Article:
4) Where can I get translations in Seoul?

You will need translations for all documents that are not in English. In addition, I needed certification/notarization for the translations. All my translations were done by NYtrans, which I can highly recommendThey were able to give me valuable advice on the green-card process and generally were very helpful. I was able to get English translations for Korean and German documents, but they translate other languages as well. They are situated near the US embassy.

Directions: Subway line 5, Ganghwamun, exit 2, turn right around first corner, US embassy should be on your left, walk straight along the main road until you see a block with many translation offices. NYtrans has a yellow-black logo and the office is situated on the second floor.

5) All about the I-864 (and I-864A)...

As there are many details to this form, make sure to read through all the official government websites that offer information on this topic. As always, it will appear confusing at first and bits of information will have to be assembled from different websites to create the whole picture. Take time reading and understanding the whole material.

We actually made one (rather big) mistake by using the wrong form for an additional sponsor. We wanted to include my wife's mother as a household member (using form I-864A) as we wanted to move back in with her once we were in the US. So we thought we could all be counted as household members of the same domicile. But only at the embassy did we find out that that was incorrect and we should have filed her as a joint-sponsor, using another form I-864. The problem was that her mother was not a member of our household here in Seoul. Fortunately my wife's current income was enough to get us above the poverty line, hence a joint sponsor was not needed in the first place and the officer that lead the interview let it slide (SO LUCKY!!!). He was kind enough to correct the mistake and it caused no further problems.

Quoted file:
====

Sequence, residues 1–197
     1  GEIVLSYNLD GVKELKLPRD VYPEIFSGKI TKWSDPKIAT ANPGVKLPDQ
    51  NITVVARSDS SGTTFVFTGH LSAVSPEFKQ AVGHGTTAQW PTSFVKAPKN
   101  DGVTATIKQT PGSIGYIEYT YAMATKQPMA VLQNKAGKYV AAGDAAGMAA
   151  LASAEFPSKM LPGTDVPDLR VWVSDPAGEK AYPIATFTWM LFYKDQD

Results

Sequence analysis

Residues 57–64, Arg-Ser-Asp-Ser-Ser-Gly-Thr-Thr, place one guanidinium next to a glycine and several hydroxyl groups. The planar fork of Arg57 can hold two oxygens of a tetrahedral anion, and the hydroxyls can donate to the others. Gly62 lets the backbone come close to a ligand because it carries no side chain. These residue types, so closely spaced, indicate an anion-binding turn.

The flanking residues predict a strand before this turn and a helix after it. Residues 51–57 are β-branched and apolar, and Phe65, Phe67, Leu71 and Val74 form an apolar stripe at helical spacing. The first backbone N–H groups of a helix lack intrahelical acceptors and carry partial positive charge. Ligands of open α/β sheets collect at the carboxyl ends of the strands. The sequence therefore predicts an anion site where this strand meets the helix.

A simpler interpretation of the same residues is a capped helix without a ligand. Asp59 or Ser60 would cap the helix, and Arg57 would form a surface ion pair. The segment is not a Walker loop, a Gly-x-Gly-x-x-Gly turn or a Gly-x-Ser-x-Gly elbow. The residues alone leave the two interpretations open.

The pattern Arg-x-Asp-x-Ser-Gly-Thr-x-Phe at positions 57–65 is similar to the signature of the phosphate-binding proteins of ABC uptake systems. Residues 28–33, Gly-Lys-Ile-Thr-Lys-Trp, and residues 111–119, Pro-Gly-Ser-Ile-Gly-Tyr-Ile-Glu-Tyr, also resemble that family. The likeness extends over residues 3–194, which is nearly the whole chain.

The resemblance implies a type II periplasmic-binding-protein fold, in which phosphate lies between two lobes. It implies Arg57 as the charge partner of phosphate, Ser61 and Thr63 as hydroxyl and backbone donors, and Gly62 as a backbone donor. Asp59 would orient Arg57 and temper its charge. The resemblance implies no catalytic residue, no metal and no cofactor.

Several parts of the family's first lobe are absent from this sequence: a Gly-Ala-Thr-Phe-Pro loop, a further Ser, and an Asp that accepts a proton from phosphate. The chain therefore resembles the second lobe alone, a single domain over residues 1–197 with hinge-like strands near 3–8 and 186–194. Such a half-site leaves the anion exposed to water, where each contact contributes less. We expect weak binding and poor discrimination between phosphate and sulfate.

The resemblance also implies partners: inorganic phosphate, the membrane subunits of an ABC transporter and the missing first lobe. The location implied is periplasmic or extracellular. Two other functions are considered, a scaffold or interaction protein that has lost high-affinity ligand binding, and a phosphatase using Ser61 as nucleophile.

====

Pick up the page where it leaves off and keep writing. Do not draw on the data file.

Here are some more links you might find useful for this form: - general info - scheduling appointment - visa fees - visa application forms

6) So how much did it cost?

As listed on the above link, the visa interview fee for category CR-1 (on the basis of an approved I-130) comes to $230. This is in addition to the petition fee ($420), translations and certifications, medial exam ($180) and various other forms/expenses we needed to gather along the way. My guess is that it cost us around $1000 total for the whole Green Card process.

7) The Interview

We were pretty lucky concerning the efficiency of the US embassy here in Seoul. As can be seen on our timeline, our petition I-130 was approved within 2 working days, same for the delivery of the visa after it got approved through the interview. The interview itself only took a couple of minutes with only a short waiting time as more applicants were scheduled on the same day, so in total our interview appointment came to about one and a half hours only. We had worked out a lot of questions we thought might be asked of us, but really hardly any were. Both reviews looked over our forms and just asked some general questions about what we will do in the US next year.

**DISCLAIMER: The experiences stated above of applying for a green-card in Seoul only reflect our unique situation which is that of a German married for less than two years to a US citizen (Visa Category CR1). Your experience may vary depending on the country or even time of the year you are applying. We hope our experiences can help someone somewhere along the line. We felt the whole process was pretty painless. It did take time to organize everything from three countries, but overall wasn't too bad. Good Luck to you!

For Part I: The Petition, see here.